Have something to share (news stories, achievements)? Why not share it on the WAEA advocacy blog! Email your news to: firstname.lastname@example.org
Imagine tools so expansive in their capabilities that your students are literally finding ways to teach themselves, both in and out of the classroom. Tools so flexible they can expand definitions, promote dialogues, foster exchanges, and build new contexts. Dare we dream these tools will also promote analytical thinking through a type of dialectical learning that occurs when viewers become producers?
Technology does seem to be the tool of all tools as far as learning is concerned. However, it may be a stretch to say that technology by itself is a stand-alone, miracle tool that will solve all the world’s problems. Instead, it’s what we do with technology and how we use it in our lives and in our interactivity that really makes it a useful and expansive collection of tools. Perhaps that is why I revere it and the type of modalities it promotes in teaching and learning.
The modality principle is a research-based understanding that information is in fact better remembered when accompanied by visual imagery. In a study based on Paivio’s proposal of dual-coding and memory, Richard Mayer and his team were able to illustrate the modality principle as a significant increase in memory transfer through multimedia use in learning. Of course, multimedia learning means more than simply including images, audio, animation, and text into a presentation in our attempts to relay information into passive but receptive learners, as in the case of the split attention effect when learners’ only engagement is to decide which information is the least redundant. It’s when learners are challenged to make sense of what they are viewing that higher order processes of synthesis and analysis come into play in the form of creation and construction of both meaning and content.
One of my favorite ways to promote new media modality in the classroom is to informally brainstorm with my students about the purpose of a particular technology tool, such as youtube. I ask my students, “what does youtube do?” “How does it operate?” “How is it different than television?” Initially, they are taken aback, but after a few prodding questions they begin to form conclusions and answer, “communication,” “documentary,” “entertainment,” “exposure,” “individuality,” etc. Once we all have a collective understanding about what youtube does and how it’s used we can begin to enter into explorations and conversations about the various types of content produced and applied online and how we can work through our own processes to create particular types of purposeful content to be shared.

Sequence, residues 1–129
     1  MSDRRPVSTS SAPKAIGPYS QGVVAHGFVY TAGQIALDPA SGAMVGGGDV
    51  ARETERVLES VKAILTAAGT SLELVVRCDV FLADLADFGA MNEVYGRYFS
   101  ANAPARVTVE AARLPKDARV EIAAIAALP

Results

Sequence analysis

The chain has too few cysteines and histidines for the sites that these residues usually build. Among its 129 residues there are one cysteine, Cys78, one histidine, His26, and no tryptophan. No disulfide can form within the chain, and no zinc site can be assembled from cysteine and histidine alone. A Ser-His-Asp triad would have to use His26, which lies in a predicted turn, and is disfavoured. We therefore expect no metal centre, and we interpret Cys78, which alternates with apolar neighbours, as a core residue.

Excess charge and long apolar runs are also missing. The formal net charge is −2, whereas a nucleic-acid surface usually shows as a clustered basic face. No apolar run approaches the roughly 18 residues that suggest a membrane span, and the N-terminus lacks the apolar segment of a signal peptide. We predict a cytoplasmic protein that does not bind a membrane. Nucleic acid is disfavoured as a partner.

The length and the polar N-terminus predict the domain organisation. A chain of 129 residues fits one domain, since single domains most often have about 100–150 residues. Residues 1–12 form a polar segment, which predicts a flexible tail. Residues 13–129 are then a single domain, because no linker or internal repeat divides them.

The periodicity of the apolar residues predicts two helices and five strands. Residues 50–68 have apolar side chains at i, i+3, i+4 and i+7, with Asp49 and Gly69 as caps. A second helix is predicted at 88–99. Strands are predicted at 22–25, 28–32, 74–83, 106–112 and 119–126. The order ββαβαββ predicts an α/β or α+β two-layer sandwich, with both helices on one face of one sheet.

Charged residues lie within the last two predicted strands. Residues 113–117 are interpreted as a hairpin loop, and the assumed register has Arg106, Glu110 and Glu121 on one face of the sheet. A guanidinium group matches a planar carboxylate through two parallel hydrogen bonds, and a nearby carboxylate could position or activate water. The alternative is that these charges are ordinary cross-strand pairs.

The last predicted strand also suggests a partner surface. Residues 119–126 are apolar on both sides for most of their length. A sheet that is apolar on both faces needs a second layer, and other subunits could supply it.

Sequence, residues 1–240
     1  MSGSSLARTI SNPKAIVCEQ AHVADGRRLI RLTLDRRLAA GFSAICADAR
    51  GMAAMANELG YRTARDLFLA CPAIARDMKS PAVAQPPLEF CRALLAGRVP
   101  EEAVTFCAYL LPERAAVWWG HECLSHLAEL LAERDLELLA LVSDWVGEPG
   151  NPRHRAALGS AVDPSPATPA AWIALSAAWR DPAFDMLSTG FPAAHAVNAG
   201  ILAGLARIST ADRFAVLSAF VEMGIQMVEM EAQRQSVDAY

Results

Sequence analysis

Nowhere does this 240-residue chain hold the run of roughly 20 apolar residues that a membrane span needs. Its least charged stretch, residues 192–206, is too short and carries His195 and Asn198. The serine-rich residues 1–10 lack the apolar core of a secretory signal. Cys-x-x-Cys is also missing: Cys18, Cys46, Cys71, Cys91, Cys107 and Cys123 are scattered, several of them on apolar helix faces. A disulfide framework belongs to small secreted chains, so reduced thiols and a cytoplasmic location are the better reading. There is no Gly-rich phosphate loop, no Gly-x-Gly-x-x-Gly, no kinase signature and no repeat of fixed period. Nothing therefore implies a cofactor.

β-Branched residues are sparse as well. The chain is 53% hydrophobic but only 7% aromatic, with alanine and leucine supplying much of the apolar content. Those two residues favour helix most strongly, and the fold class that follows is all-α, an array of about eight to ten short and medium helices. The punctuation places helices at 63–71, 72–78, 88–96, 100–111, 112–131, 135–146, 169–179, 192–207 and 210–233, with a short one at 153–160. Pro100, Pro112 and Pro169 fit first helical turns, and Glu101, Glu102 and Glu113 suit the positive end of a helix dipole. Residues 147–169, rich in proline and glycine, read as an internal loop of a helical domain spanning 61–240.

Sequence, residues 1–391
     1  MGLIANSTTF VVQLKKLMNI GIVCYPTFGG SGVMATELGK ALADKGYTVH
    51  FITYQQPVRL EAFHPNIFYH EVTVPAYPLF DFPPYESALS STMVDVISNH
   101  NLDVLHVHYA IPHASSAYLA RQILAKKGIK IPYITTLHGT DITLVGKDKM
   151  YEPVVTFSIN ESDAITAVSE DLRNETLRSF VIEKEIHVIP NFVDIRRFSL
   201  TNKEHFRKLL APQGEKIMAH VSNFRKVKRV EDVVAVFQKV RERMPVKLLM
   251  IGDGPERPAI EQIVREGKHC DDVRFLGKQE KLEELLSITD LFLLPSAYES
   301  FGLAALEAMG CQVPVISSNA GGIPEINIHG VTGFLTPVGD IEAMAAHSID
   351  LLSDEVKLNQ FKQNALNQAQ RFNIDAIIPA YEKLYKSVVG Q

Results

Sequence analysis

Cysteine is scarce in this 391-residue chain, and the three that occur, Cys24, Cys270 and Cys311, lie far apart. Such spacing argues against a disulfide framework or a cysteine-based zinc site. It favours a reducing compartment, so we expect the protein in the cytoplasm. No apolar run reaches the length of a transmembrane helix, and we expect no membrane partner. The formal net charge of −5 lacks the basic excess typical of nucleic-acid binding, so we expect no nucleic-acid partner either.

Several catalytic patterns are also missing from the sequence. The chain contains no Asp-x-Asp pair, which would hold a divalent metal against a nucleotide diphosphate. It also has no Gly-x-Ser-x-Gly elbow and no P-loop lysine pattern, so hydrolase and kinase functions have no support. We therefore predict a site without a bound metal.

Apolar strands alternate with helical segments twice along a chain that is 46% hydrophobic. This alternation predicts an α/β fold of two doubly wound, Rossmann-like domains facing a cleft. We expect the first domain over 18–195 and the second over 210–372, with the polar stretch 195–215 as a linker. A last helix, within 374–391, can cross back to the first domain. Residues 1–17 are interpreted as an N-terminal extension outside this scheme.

Other projects that promote multimedia modalities are visualization projects and research-based redesign projects. What’s great about these types of projects is they can be adapted k-12, depending on the level of reference to research. Furthermore, the redesign work doesn’t have to be done on the computer, but certainly can if computer usage skills are part of the project goals. An example of this would be to have your students research packaging design along with color theory and the idea of target markets. Then have your students redesign a package of one of their favorite products.
-written by Lisa Ulik, WAEA Advocacy Representative, for the winter Art-etimes